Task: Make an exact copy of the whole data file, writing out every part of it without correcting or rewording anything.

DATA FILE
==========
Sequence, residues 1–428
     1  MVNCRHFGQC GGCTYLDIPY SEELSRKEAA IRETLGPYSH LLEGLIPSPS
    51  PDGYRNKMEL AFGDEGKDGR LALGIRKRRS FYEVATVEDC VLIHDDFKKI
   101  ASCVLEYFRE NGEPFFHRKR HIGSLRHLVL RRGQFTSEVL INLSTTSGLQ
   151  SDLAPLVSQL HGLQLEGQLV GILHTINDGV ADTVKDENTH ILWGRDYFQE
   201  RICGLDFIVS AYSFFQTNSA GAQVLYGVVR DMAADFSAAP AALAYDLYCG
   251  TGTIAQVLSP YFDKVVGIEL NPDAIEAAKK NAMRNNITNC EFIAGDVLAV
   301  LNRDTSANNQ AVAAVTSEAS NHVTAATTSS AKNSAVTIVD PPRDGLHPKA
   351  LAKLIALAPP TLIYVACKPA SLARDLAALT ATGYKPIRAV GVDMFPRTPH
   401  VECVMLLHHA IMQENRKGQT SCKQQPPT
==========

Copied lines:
Sequence, residues 1–428
     1  MVNCRHFGQC GGCTYLDIPY SEELSRKEAA IRETLGPYSH LLEGLIPSPS
    51  PDGYRNKMEL AFGDEGKDGR LALGIRKRRS FYEVATVEDC VLIHDDFKKI
   101  ASCVLEYFRE NGEPFFHRKR HIGSLRHLVL RRGQFTSEVL INLSTTSGLQ
   151  SDLAPLVSQL HGLQLEGQLV GILHTINDGV ADTVKDENTH ILWGRDYFQE
   201  RICGLDFIVS AYSFFQTNSA GAQVLYGVVR DMAADFSAAP AALAYDLYCG
   251  TGTIAQVLSP YFDKVVGIEL NPDAIEAAKK NAMRNNITNC EFIAGDVLAV
   301  LNRDTSANNQ AVAAVTSEAS NHVTAATTSS AKNSAVTIVD PPRDGLHPKA
   351  LAKLIALAPP TLIYVACKPA SLARDLAALT ATGYKPIRAV GVDMFPRTPH
   401  VECVMLLHHA IMQENRKGQT SCKQQPPT